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Freescale mulls foray into server computing

Posted: 04 Mar 2013 ?? ?Print Version ?Bookmark and Share

Keywords:embedded? server computing? Cortex?

Freescale Semiconductor could use its recently announced Cortex-A50 series processor licence from ARM to extend its digital networking activity into server computing, CEO Gregg Lowe said during the Embedded World summit.

When asked in an interview by EE Times whether Freescale could use the A50 series 64bit ARM subscription licence to expand into the server market Lowe said: "Yes, I think so." Lowe added: "There is a lot happening in that space."

The Cortex-A50 series, currently being developed by ARM and partners, includes the Cortex-A57 and Cortex-A53 as a big-little combination. Freescale announced that it had licensed the A50-series of microprocessors on a multi-year subscription basis for future versions of its i.MX applications processor and QorIQ communications processor product lines.

Freescale also has provides processors based on the PowerPC architecture licensed from IBM.

The server market has begun to fragment in recent years with the emergence of markets for microservers and more intelligence being pushed towards the network. At the same time there is a focus on energy efficiency in large data centres that expected to perform "cloud" services for consumers who are online for most of their professional and private lives.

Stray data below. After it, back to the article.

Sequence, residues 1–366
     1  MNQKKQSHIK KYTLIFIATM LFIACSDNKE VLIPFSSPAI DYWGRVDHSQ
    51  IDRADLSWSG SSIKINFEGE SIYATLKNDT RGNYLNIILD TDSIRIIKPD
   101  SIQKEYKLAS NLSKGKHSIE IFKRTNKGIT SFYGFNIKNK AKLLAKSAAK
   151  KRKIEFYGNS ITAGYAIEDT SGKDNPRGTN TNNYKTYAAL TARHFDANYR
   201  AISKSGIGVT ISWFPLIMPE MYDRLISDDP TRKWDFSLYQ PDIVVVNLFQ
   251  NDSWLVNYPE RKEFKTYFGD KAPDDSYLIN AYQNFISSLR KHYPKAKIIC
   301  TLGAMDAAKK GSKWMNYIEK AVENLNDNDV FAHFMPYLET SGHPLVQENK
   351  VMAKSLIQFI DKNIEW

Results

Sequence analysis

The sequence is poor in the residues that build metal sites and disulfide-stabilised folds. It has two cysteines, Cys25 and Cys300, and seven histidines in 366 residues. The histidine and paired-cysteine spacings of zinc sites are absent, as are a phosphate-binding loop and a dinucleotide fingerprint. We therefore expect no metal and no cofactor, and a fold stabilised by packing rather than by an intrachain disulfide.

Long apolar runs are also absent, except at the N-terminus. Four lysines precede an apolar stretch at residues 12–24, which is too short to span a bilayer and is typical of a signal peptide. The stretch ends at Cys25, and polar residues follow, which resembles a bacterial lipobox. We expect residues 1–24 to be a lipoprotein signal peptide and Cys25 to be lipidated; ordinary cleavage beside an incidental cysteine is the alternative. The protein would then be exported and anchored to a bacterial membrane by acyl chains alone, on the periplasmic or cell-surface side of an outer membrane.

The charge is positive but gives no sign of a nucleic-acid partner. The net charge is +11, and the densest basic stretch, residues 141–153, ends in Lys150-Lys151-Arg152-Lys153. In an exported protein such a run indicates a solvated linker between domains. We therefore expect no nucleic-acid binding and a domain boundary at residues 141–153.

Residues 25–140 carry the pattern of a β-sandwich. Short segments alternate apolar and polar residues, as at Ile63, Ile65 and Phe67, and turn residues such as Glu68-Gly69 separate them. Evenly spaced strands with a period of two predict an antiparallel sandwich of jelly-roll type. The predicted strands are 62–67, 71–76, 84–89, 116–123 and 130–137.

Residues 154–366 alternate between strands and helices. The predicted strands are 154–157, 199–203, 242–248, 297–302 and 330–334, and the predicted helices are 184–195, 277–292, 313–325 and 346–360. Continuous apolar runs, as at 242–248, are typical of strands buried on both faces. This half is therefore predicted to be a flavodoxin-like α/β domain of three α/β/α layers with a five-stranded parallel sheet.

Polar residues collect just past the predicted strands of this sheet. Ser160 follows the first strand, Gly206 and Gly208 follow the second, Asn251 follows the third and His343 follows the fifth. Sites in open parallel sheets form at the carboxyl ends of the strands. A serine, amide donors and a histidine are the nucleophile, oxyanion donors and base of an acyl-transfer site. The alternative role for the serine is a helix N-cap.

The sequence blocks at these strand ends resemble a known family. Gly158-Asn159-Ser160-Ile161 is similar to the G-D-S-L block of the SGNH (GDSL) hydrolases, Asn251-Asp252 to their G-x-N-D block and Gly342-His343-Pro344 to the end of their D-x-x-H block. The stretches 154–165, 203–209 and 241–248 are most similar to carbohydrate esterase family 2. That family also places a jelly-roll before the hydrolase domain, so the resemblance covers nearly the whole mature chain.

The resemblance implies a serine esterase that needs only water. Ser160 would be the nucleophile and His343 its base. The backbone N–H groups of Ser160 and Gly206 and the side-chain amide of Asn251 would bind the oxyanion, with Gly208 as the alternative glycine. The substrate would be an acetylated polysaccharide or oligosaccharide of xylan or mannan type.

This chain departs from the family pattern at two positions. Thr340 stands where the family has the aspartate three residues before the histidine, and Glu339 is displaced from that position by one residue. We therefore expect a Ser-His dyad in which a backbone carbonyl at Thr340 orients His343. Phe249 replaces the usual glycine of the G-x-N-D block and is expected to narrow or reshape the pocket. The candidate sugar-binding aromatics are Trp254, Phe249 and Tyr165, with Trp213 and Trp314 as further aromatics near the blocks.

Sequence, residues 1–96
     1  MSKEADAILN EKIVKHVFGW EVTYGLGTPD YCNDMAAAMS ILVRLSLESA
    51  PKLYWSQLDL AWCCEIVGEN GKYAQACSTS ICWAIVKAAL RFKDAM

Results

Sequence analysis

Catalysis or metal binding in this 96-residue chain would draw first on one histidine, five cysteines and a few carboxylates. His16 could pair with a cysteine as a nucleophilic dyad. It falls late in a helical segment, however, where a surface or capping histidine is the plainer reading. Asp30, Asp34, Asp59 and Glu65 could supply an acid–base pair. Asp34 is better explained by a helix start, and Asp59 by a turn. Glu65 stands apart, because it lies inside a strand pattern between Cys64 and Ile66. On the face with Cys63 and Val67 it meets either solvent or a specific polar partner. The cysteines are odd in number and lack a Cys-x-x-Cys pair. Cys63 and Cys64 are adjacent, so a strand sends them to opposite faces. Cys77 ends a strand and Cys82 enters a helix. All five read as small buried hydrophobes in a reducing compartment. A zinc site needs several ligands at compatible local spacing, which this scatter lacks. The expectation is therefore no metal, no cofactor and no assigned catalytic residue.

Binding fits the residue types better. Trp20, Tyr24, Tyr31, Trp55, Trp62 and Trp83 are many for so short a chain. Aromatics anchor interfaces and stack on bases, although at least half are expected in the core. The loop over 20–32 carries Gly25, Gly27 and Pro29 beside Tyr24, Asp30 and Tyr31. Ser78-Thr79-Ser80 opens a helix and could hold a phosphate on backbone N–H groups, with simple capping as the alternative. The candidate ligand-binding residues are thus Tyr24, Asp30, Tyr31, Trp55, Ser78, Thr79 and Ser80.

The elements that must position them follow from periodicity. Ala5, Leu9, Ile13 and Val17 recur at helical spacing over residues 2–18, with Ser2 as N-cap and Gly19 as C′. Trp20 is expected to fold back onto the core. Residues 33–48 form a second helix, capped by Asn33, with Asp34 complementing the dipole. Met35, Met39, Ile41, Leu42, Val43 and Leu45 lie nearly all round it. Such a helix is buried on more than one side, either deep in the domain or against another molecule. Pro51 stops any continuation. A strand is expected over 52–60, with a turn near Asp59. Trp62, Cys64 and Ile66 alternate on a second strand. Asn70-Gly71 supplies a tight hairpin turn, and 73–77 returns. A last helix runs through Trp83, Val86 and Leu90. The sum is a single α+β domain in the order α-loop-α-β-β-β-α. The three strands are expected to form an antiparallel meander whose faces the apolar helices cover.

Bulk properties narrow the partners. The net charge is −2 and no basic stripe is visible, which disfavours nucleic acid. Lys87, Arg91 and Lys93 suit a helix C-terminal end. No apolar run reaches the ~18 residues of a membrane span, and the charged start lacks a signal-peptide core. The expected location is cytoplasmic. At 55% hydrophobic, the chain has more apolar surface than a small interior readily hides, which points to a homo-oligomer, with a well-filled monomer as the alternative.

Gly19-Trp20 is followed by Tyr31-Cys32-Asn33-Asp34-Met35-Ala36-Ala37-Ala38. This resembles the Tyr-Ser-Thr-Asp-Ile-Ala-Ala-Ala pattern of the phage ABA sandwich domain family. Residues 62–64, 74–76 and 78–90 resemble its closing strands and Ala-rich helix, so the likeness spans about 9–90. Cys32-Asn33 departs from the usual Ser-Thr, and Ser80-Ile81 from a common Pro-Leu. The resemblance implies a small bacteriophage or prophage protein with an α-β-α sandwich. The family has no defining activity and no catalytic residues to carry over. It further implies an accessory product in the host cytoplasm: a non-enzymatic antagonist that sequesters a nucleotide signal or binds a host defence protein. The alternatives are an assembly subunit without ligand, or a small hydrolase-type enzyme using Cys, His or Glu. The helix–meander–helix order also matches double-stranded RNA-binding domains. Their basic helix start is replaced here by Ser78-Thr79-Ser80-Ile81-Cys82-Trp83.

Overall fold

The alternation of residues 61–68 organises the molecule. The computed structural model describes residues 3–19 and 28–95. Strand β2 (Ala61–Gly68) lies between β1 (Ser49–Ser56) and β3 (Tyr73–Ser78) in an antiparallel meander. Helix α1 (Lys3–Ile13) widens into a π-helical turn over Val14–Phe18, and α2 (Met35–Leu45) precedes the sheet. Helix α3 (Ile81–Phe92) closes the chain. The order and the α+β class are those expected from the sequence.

Lowe said Freescale should not perceived in a similar light to European chip companies NXP Semiconductor and Infineon Technologies AG that have sold off significant parts of their businesses as part of restructuring over recent years. Since Lowe took over the stewardship of Freescale Semiconductor Inc. 8 months ago the company has been refocused into five business units: analogue and sensors; microcontrollers; automotive microcontrollers; digital networking; RF and other.

Lowe said the company was now in good shape to profit from forthcoming growth in embedded applications and the internet of things; from billions of wireless sensor leaf nodes served by physically small, ultra low power microcontrollers, through multiple layers of networking infrastructure and up to the cloud. Freescale is also able to serve that chain of information processing and connectivity in both general and automotive forms, Lowe said.

Lowe made the point that as embedded connectivity and the internet of things (IoT) grow demand for networking infrastructure and cloud data processing will also grow exponentially.

"The car is a great example of how things are progressing. It used to be a stand-alone system. Now we expect connection. For infotainment, and also things like radar activity, cars interacting with each other autonomously," said Lowe.

The five focus areas that Lowe has selected to drive Freescale into profit show a similar emphasis to processor licensor ARM at both the low-end, in terms of low-power microcontrollers for the Internet of Things, and at the high end where multiple companies are trying to break into networking and serving with ARM licences. However, Freescale still has a commitment to the PowerPC architecture in both automotive processing and high-end networking.

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